4.1 Working Memory Weaknesses and Supports
Children and teens with ADHD experience many of their most significant academic and functional difficulties as a result of working memory weaknesses. Working memory (WM) is one of the executive functions that is needed for numerous aspects of daily life and is critical to learning and performing successfully at school (Lists 1.2, 1.4).
Definitions and Descriptions of Working Memory
- WM has been described as our mental workspace, a place to hold information online, so to speak, long enough to manipulate it in order to solve a problem or complete a task (Katz, 2011).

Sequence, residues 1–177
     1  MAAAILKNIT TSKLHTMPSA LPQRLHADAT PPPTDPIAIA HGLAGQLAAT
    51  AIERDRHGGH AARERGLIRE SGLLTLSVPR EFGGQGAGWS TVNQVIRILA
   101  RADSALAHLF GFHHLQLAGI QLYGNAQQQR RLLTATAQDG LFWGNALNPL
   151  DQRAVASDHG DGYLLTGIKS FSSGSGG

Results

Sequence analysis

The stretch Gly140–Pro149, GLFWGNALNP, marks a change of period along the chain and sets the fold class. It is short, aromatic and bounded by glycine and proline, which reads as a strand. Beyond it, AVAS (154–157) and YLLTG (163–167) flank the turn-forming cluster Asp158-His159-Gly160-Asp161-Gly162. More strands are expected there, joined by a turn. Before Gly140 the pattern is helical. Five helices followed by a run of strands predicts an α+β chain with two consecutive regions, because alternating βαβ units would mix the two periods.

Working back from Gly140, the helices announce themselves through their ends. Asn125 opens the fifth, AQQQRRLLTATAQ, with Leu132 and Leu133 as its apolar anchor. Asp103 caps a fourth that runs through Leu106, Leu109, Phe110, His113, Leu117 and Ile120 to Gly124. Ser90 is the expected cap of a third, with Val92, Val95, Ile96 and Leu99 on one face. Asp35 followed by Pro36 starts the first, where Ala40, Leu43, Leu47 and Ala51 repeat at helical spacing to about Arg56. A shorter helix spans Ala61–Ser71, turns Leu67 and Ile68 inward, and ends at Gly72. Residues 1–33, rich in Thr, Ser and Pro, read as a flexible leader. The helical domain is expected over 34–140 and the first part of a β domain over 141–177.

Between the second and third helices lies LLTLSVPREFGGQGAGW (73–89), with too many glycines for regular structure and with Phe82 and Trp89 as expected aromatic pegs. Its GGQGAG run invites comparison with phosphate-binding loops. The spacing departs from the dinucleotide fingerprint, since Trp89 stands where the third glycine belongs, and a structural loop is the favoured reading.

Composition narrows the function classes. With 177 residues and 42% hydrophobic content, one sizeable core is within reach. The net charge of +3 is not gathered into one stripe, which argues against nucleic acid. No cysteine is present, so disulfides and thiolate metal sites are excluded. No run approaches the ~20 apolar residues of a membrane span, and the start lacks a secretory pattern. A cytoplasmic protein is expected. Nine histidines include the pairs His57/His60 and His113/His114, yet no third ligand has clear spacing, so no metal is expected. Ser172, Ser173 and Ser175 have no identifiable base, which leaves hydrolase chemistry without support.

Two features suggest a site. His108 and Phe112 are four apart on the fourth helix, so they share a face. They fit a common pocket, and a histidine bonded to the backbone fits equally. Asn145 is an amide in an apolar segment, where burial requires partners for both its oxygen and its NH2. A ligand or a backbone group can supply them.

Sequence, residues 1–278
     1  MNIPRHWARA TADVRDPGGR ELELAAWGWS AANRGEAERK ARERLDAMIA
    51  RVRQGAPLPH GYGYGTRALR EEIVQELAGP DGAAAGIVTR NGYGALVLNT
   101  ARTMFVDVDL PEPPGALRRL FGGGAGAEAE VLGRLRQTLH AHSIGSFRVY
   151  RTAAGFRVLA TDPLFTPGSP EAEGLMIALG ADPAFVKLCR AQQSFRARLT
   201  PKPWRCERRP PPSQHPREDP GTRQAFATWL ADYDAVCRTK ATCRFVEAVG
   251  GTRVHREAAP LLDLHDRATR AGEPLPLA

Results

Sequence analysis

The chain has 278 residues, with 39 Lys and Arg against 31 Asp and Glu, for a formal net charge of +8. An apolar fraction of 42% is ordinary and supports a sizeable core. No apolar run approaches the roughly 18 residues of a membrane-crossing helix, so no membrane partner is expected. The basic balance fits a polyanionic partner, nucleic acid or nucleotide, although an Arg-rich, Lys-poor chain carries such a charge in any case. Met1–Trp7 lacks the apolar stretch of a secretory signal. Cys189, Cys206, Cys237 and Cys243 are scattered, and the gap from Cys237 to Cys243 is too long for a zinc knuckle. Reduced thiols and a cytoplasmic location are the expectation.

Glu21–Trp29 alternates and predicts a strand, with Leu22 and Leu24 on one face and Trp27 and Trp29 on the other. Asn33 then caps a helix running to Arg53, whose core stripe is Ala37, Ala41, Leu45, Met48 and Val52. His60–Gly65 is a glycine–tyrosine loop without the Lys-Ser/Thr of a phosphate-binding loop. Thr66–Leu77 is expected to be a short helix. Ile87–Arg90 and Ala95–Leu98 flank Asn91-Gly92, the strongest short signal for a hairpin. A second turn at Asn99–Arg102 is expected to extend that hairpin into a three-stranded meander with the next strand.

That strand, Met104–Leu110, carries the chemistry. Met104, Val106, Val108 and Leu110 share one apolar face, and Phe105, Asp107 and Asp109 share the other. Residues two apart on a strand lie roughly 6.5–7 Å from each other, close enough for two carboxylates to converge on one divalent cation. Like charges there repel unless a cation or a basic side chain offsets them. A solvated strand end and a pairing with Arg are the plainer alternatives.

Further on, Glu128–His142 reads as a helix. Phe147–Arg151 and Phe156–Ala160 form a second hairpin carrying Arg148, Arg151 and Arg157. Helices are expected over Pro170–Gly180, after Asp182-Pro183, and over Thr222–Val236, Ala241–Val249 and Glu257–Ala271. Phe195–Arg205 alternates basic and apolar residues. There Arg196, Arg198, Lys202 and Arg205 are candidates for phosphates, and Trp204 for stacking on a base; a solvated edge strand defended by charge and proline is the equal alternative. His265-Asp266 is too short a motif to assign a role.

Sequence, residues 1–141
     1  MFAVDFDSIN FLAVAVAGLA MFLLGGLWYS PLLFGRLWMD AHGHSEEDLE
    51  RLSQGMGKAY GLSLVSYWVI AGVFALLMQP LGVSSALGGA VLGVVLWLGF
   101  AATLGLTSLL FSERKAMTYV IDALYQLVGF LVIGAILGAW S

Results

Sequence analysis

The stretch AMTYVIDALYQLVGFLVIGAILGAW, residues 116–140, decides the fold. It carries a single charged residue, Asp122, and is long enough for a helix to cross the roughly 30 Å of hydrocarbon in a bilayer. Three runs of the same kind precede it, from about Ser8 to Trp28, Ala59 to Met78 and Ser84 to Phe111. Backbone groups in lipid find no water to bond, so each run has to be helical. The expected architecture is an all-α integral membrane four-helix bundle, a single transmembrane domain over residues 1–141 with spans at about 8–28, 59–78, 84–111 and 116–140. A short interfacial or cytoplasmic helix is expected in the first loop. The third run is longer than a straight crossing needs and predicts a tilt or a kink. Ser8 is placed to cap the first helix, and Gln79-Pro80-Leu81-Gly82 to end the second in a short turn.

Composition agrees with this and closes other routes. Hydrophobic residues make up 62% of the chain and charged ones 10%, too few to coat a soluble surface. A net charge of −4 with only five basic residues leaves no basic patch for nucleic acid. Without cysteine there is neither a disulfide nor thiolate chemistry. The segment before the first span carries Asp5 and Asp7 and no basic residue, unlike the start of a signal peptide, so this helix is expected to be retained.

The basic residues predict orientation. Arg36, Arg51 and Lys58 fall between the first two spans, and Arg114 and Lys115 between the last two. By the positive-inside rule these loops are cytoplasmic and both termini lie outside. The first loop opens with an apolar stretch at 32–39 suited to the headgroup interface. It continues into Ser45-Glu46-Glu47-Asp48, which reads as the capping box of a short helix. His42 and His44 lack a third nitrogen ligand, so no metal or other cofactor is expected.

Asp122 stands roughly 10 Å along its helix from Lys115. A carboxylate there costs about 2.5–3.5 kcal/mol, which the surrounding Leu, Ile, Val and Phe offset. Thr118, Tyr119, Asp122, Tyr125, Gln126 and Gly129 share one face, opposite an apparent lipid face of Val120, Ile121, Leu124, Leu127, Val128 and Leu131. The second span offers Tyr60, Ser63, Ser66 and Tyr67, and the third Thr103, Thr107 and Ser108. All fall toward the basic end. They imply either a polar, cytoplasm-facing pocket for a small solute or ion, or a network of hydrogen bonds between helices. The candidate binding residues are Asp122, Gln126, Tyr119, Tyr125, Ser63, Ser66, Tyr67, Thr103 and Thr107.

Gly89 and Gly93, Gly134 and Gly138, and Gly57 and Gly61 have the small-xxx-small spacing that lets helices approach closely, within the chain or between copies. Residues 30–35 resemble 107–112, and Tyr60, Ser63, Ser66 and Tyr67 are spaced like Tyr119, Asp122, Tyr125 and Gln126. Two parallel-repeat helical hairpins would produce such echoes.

- WM has also been described as our brain's sticky note (Alloway, 2010) or cognitive desktop (Kaufman, 2010), which allows a person to temporarily hold and manipulate information while engaging in other cognitive tasks.
- WM is holding in mind what you are doing: the goal that you hope to attain and the means that you intend to use to get there (Barkley, 2013).
- WM is an active and limited-capacity memory system that acquires information from short- or long-term memory, sensory input, and automatic memory, and then holds the information for a short time while a task is being performed (Baddeley, 2006; Meltzer, 2010).
- WM can be understood as an internal scratch pad. It provides us with a place to store information that we will need to use for the next step of a task, but that we do not need to store beyond that time. For those with weak working memory, it is as if their scratch pads ...